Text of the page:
FIRST EDITION, PRESENTATION/ASSOCIATION COPY, OF THE BOOK OF AMERICAN NEGRO SPIRITUALS, INSCRIBED BY JAMES WELDON JOHNSON TO ACCLAIMED WRITER RING LARDNER
JOHNSON, James Weldon. The Book of American Negro Spirituals. New York: Viking, 1925. Quarto, original brown cloth. Housed in a custom clamshell box. $6000.
First edition, presentation copy, of the Harlem Renaissance classic, inscribed to a famous sports columnist and short story writer: "For Ring W. Lardner with sincere regards—James Weldon Johnson."
Poet, novelist, civil rights leader, lawyer and lyricist, James Weldon Johnson edited The Book of American Negro Spirituals. Johnson, who also signed this first edition, initially explored the legacy of African American music in 1900 when he co-wrote the classic "Lift Every Voice and Sing" with his brother John Rosamond Johnson, who provided this volume's musical arrangements. After the two brothers became successful songwriters James Weldon Johnson's life took a turn as he became active in civil rights, publishing the autobiographical novel, Autobiography of an Ex-Colored Man (1912), and becoming an executive officer of the NAACP. "As a senior member of the community of Black writers in New York, Johnson found himself a spokesperson or mediator between Black artists and their audience of readers." In his preface Johnson offers a powerful and "extensive argument for the African origins of the spirituals" (Small, 197-8). His interest in African American music and folk culture was shared by many of the Harlem Renaissance artists he mentored, among them Langston Hughes, Countee Cullen and Zora Neale Hurston. Johnson's Book of American Negro Spirituals "ensured lasting respect for the spirituals and conservation of their words and music" (New Grove 18:5). Containing Johnson's prefatory poem, "O Black and Unknown Bards." Musical arrangements by J. Rosamond Johnson with additional numbers by Lawrence Brown. Viking featured this edition as a leading volume in its premiere fall list. With scores and lyrics of 61 spirituals such as "Go Down Moses," "Nobody Knows De Trouble I See" and "Roll Jordan, Roll." Without dust jacket. Blockson 7944. Work, 436. This copy is inscribed to popular author Ring Lardner, known as both a sports columnist and a short story writer. While Lardner was modest about his abilities, authors including Ernest Hemingway, Virginia Woolf, F. Scott Fitzgerald, and John O'Hara considered Lardner to be one of the most talented writers of his day. Lardner has also had an impressive cultural presence: he was the model for Abe in Tender Is the Night; he was mentioned in both The Catcher in the Rye and Franny and Zooey; and he was even referenced in Brighton Beach Memoirs. Lardner was well known for his love of music and theater and Johnson's book would have fallen squarely within his interests. In fact, he was well-known for throwing a party in Great Neck to honor Rosamond Johnson, the Harlem Renaissance composer and writer of "Lift Every Voice and Sing," who also did most of the arrangements for this book.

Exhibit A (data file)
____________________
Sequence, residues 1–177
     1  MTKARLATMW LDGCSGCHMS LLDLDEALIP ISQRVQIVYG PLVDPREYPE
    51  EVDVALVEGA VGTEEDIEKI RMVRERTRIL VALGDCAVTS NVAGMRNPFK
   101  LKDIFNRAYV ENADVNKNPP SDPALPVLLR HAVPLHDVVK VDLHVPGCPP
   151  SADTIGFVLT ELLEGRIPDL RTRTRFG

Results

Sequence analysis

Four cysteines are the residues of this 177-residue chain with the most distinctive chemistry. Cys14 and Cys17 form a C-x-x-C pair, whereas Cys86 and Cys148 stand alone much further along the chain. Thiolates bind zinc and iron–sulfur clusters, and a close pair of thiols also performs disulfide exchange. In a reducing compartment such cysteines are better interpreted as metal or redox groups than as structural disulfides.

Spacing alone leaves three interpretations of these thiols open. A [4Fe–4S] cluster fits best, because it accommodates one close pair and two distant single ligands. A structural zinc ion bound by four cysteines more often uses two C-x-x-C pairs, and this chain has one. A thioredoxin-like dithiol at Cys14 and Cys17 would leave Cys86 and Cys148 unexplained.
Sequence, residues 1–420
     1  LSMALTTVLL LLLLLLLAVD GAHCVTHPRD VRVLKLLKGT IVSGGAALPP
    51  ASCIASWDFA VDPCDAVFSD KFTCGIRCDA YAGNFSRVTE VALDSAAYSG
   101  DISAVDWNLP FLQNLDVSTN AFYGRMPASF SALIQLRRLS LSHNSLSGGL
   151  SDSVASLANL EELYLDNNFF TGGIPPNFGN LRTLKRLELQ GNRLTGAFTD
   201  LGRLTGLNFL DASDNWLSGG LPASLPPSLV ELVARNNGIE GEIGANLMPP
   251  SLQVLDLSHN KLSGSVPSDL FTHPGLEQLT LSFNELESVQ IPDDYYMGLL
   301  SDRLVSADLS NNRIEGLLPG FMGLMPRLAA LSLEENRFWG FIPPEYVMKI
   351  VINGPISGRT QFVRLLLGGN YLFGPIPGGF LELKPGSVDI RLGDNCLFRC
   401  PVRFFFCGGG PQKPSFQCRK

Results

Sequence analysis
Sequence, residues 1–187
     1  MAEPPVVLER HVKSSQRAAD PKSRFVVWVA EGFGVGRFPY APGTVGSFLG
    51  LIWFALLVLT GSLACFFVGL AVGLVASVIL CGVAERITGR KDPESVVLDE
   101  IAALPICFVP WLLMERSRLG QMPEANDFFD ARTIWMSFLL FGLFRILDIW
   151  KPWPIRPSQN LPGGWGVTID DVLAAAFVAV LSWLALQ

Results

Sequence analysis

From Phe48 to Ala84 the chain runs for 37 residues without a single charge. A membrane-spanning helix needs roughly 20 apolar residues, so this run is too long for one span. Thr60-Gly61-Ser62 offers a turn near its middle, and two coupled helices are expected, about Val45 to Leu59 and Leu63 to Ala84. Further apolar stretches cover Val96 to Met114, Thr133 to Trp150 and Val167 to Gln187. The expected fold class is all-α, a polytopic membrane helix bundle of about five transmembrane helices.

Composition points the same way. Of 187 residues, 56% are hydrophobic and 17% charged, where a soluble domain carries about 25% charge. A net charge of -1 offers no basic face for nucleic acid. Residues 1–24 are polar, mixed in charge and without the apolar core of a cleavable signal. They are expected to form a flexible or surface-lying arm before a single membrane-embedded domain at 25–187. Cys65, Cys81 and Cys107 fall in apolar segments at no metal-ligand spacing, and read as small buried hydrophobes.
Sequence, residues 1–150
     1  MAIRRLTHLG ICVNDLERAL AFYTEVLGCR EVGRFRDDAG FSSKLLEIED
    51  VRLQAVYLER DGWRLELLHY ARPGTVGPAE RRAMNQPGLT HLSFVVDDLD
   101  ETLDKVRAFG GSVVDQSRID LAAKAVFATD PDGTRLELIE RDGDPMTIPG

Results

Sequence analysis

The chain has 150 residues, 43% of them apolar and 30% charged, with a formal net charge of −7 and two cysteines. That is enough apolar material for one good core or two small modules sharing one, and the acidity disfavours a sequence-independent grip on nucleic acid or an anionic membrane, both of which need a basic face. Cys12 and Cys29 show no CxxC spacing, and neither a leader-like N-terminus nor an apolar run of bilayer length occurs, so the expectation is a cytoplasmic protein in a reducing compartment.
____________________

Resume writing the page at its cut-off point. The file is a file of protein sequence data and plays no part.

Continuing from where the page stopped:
Occasional scattered foxing mainly to endpapers, light rubbing to extremities. A near-fine copy, with outstanding provenance.